Since 2006 the NHS Health Trainer scheme has been working with the aim of supporting positive lifestyle changes in local communities.

There are busy teams of health trainers and health champions across the country reaching out to their communities to try and make a positive difference to people’s lives.

One such area is Derbyshire, where the PCT’s work has already had a positive impact on communities. Between now and 2011 the health trainer scheme is going to play an integral role in delivering priorities such as tackling health inequalities, lifestyle changes and health improvement to local and regional areas.

However, they are also facing some tough challenges. It is still very much a fledgling scheme for which there is no existing model but the signs of progress so far have been largely positive, particularly in the more deprived areas.

In order to fulfil these aims, the Derbyshire PCT recently set up an innovative training day, employing the skills of Dead Earnest, experts in Applied Theatre, to create an interactive forum piece that would examine the challenges these individuals face day in day out in their work with hard-to-reach groups. The day was attended by over 70 Health trainers, champions and coordinators and was a resounding success.

“A key aim was to enable health trainers/health champions/coordinators to understand the importance of being able to demonstrate the effectiveness of the programme and that we (PCT) need to use formalised processes to help us to do this systematically and convince the funders,” said Maureen Murfin, the programme manager.

The performances focussed on three main issues; the importance of the volunteers collecting the necessary data to make sure the project’s funders could make accurate decisions; the difficulties of setting boundaries with clients and the issues of targeting and deciding who is disadvantaged.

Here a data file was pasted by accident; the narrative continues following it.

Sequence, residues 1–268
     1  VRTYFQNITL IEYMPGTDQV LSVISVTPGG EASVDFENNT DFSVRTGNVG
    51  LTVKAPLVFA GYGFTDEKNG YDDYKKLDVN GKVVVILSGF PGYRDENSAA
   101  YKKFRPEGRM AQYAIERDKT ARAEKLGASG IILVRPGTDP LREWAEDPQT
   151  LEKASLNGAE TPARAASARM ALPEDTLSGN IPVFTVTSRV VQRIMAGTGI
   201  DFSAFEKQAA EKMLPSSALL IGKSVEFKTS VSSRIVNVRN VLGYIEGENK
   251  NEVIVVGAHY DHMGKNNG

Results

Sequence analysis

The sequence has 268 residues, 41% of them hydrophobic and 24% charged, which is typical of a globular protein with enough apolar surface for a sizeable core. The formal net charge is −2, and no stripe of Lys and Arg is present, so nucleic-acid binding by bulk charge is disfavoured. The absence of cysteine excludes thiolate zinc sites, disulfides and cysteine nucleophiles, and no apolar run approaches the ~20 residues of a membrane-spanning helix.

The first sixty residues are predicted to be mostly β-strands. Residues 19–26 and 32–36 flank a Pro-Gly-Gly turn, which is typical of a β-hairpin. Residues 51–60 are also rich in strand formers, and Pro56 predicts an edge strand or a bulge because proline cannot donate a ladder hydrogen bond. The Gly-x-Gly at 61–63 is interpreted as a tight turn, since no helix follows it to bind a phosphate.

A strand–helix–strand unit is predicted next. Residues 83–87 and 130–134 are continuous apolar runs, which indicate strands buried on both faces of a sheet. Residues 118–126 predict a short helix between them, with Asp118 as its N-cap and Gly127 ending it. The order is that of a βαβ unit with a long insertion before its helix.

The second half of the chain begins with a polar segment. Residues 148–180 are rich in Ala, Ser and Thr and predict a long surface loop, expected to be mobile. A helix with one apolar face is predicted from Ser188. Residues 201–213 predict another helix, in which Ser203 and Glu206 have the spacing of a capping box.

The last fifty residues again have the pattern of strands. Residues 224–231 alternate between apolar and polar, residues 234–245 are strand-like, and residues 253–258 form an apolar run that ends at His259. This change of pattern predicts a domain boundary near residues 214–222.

“We know they are doing good work but if we don’t have data on this its hard for us to get this work recognised,” continued Ms Murfin. “We have provided the systems and trained people in the use of them, but we knew we needed something to reinforce these messages and decided forum theatre could do this, but in a fun way.”

The performances, tailored by Dead Earnest specifically for Derbyshire PCT and the audience to really get underneath the issues, were followed by constructive workshops facilitated by the theatre company, in which the issues were discussed and solutions considered.

“Dead Earnest worked with us to develop scenarios that the health trainers, champions and coordinators would identify with and then presented these in a humorous way at the event,” said Ms Murfin. “This allowed us to show that we recognised their frustrations and understood them, but also allowed them to open up issues further and begin together (as a whole group) to find solutions, share good practice and help each other in getting the information needed by us. “

Dead Earnest’s work in the health field is excellent, with projects for the General Medical Council and ChaMPS among others under their belt. They do not aim to provide the answers but prefer to provoke specific discussion so the experts (the audience) can develop a solution for themselves.

From early indications it seems that the day was a success; “We know that the number of clients being recorded on the system is increasing and I feel that there is a greater commitment to capturing the data, although it is early days.  Health Trainers are a new workforce so there are particular challenges being faced in that we are tasked with establishing work practices rather than Health Trainers just doing the job ‘the same as all the other Health Trainers’”.

They certainly seem to be making good progress and, with a continued commitment to exciting and innovative training and networking methods, the future is looking good for this particular NHS initiative.